Used the world over by amateur and professional videographers, Premiere Pro is an important workload for any CPU these days. Our test involves exporting real, in-house footage from one of the videos on our YouTube channel. It is roughly 1GB of 4K footage including an audio track and transition effects, and we export it using the built-in YouTube 4K preset with H.264 encoding. GPU acceleration is enabled just as it would be normally, but the test is very heavily CPU-bound.
We perform a simple transcode using the freely available HandBrake software, which converts a 150-second, 917MB, 4K, MKV video sample to a 1080p MP4 file using the HQ 1080p preset. Our results show strong scaling with increasing threads, which is indicative of high-performance video editing suites, albeit without any GPU acceleration.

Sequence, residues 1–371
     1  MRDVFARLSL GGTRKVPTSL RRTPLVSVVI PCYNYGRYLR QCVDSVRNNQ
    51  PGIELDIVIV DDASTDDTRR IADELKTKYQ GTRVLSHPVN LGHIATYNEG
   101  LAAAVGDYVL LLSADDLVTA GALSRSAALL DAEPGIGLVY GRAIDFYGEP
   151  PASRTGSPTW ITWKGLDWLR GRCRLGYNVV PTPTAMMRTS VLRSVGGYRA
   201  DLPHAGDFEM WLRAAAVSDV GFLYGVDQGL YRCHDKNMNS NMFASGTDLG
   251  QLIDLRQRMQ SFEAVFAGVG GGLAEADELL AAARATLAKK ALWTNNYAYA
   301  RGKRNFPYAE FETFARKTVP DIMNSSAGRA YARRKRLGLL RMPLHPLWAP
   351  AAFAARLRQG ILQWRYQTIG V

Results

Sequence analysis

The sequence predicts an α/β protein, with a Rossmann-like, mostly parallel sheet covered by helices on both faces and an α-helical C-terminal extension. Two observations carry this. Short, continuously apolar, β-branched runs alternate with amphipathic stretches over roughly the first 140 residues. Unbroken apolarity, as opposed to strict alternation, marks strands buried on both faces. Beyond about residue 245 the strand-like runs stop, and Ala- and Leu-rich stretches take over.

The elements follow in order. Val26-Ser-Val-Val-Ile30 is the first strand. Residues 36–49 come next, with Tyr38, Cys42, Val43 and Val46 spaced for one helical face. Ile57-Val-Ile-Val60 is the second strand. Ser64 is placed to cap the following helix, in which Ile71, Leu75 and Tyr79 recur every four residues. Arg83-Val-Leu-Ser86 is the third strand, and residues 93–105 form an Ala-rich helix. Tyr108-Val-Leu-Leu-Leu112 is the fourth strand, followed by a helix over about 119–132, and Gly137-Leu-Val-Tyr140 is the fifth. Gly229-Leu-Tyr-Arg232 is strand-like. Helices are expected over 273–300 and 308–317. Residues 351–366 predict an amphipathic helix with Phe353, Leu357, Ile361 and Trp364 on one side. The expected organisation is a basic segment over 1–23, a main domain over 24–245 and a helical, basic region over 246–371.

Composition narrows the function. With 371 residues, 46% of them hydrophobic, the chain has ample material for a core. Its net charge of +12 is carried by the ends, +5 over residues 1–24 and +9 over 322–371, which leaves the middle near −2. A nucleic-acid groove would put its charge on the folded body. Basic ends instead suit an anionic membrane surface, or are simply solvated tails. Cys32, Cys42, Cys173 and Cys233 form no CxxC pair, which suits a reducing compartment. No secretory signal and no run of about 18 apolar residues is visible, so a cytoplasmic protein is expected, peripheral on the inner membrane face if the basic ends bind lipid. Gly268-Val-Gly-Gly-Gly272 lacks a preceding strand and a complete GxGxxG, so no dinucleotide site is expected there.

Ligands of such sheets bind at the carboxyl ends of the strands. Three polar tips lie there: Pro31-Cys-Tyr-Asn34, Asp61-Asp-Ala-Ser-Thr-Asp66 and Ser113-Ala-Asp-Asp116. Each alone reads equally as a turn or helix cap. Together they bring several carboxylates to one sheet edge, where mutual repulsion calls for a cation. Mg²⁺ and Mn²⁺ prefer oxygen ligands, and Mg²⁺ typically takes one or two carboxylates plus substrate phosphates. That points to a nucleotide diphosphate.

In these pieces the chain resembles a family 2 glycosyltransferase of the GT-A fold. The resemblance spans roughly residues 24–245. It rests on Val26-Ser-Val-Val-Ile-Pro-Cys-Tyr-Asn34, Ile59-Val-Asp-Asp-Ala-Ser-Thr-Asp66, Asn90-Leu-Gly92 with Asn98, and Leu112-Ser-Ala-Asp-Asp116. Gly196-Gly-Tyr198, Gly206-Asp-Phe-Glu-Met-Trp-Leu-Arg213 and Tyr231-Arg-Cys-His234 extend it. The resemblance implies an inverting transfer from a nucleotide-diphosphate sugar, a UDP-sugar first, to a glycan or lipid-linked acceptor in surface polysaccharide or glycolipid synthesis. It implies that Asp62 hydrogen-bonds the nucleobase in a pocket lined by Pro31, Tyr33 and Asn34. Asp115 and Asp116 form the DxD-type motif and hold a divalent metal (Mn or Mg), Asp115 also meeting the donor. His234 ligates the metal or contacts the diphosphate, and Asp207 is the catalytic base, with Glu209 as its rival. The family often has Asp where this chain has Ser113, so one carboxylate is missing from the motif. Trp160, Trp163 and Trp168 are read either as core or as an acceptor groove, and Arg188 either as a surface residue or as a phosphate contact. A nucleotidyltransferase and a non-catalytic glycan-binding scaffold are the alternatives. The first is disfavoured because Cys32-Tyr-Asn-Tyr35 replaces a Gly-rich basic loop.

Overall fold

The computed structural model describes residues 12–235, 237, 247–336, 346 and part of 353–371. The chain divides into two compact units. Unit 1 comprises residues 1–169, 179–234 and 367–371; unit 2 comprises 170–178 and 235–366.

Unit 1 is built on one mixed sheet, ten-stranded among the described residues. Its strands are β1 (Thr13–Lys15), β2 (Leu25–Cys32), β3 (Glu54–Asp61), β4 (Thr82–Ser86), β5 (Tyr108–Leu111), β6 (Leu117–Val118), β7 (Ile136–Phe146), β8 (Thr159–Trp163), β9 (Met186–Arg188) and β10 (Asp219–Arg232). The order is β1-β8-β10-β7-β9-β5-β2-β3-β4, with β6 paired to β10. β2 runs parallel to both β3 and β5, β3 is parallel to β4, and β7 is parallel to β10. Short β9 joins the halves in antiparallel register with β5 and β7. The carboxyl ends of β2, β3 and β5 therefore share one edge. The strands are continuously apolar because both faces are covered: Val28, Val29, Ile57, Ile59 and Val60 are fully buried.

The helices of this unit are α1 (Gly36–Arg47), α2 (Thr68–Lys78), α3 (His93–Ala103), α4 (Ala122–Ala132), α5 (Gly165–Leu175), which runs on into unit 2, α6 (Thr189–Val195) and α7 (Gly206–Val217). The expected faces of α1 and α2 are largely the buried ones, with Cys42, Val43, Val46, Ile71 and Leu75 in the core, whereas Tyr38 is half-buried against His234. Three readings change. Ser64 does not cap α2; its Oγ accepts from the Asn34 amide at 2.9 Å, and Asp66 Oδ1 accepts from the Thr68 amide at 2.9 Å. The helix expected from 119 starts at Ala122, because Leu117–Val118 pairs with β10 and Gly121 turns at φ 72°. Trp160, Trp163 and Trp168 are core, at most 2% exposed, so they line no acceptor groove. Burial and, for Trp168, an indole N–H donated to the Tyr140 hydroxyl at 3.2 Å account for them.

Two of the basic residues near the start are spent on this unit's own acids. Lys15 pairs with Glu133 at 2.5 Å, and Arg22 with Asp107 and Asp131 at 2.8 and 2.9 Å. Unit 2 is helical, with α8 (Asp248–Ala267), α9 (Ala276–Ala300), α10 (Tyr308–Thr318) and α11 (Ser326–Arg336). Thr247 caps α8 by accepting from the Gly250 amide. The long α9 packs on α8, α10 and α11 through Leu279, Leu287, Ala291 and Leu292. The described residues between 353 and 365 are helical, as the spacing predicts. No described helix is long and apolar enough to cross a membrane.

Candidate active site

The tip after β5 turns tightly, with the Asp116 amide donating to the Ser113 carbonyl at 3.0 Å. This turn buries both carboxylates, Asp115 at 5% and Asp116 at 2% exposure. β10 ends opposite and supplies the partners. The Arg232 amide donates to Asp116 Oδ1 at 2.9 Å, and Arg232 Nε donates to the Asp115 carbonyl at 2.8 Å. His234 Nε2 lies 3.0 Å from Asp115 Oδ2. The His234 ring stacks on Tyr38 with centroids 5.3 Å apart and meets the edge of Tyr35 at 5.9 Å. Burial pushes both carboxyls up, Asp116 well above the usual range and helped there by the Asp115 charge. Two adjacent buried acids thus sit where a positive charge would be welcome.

This workload involves making a series of adjustments to a set of photographs using ImageMagik - an open-source image processing library - to adjust brightness, contrast, saturation, and gamma. When a favourable balance is found, the changes are then applied to the rest of the images in the set. TIFF files up to 67MB in size are used. We disable GPU/hardware acceleration for this test to place added emphasis on the CPU's capabilities.
November 22 2019 | 13:00